(see also Vermiculture FAQ sub-page)
1. A more sustainable community - Why?
Developing a more sustainable Scotland is a major government priority. Our initiative in Fairlie is part of the global Transition Towns movement - the response to the twin challenges of climate change and peak oil - moving from high energy to low energy lifestyles. This supports local production and local retail to generate a robust, vibrant and sustainable economy and a greatly reduced carbon footprint.
2. What is the Fairlie Community Garden?
The garden - site, beds, shed and polytunnel - are all the common assets of the Members. The garden has been designed as a village legacy for the future. The Organic Growers of Fairlie have taken responsibility for the maintenance and development of the site after it lay derelict for much of the past 20 years. The Growers are a group of villagers who share a passion for grow-your-own food production.
3. What is Sustainable Gardening?
About 50% of our national waste stream is organic. It is this fraction which can generate methane in our landfills. The Fairlie Growers aim to put no organic matter into their dustbins. Instead, it should all be processed to make useful compost for use in growing fresh, tasty and healthy herbs, salads, fruit and vegetables. We can either compost our garden waste ourselves or we can put it into our brown bin and the Council will compost it. Our kitchen waste is processed best in our specially designed wooden Wormeries.
4. What is the Fairlie HotBox Composting Process?
Composting is a two stage process. The first phase in fast efficient composting should generate heat in the biomass. This comes from the activity of some very special thermophilic [heat-loving] microbes. A high temperature in your compost indicates that you have created the right conditions to support an innumerable population of these, very hungry, microbes. The optimum temperature to aim for is 50 - 60 degC. Over 65 degC, many of the beneficial microbe species will be knocked out so open up the heap to let some heat out.
With our innovative HotBox system, Alastair and Malcolm have measured an overnight temperature rise of over 50 degC when they get the right proportions of green and brown material in their mix! The process is speeded up with the addition of essential trace elements from basaltic rockdust. After just 9 days, there is a >80% volume reduction. The weed seeds and pathogens will all have been killed and the tough fibres softened.
5. Compost Maturation?
The second phase in composting is the low temperature, slow maturation phase. The material from your HotBox can go into your home composter bin for this. After two months, you will have produced an excellent mulch which should be raked around your plants to hold moisture, suppress weeds and build up the soil fertility. This is not yet compost as it still contains ammonia and nitrite compounds which in a potting mixture are very phyto-toxic.
So long as you keep the material in your composter aerobic [sweet-smelling], mature, stable compost can be made in 6 months .
6. Why have raised beds rather than conventional allotments?
Raised beds [mini-allotments] enable us to have space for more Growers within a limited area. Also, an allotment is much too much work for most people. Because there is no useable soil and some contamination from old anti-fouling paints in the North Yard site, we use imported soil in our beds underlain with a plastic sheet/sand barrier layer.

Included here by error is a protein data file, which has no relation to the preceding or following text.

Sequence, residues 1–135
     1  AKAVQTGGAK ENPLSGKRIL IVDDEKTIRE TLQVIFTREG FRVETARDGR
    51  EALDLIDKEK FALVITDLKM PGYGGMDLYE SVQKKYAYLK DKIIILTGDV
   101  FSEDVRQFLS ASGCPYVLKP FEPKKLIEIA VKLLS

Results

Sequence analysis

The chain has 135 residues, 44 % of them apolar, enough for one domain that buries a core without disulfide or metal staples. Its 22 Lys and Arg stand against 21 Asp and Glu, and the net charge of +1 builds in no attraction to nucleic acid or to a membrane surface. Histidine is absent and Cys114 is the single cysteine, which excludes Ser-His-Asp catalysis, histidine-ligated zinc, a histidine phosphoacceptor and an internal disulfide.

Narrow beds have been in common use in the Far East for over a millenium. There is no need to stand on the soil and so there is no compaction. This allows excellent root development so even deep rooted dandelions can be pulled out easily. There is good access to everyone, even young children and people with some disability. The beds are easily looked after and so better, more intensive, plant care - and so more and tastier crops - result ... without even getting your shoes dirty.
7. Why have the beds been constructed of such heavy timber?
Cheaper, light weight beds could have been built but the garden was designed as a legacy project for Fairlie village to be enjoyed by more than just the present generation. The Fairlie Community Sustainable Garden also serves a wider function, as a model of best practice and as a training tool for individuals, schools and communities who want to replicate the model.
Now that OGF is a Registered Charity, we are now fund-raising for the next phase - building another 22 raised beds to add to the current 38 ones. In this phase, a variety o fless costly construction types will be used to trial them. They will not last as long but will demonstrate other, less costly options.
8. Who can become a Member of the Organic Growers association?
Unfortunately, although there has been widespread interest in our innovative Garden project, this small site can only accommodate residents from the village and specialists with close associations with the local community, e.g. the school. To spread the word about our sustainable community concept, we have installed and commissioned playground wormeries in all the primary schools in our local cluster so that they can grow delicious fresh produce as part of their healthy eating and ecoschools programmes.
9. I already have as big a garden as I can manage, but can I become a Member just to meet up with like-minded people and generally support the initiative without having to take on a bed?
Yes. There are already many Members who just want to be part of this nice, peaceful and friendly place where they can drop in any time they are out for a walk. We also meet up sometimes just for a coffee and a chat and sometimes we also invite a speaker to tell us about the history of the site, about the wonderful world of grow-your-own gardening or about other Member's interests.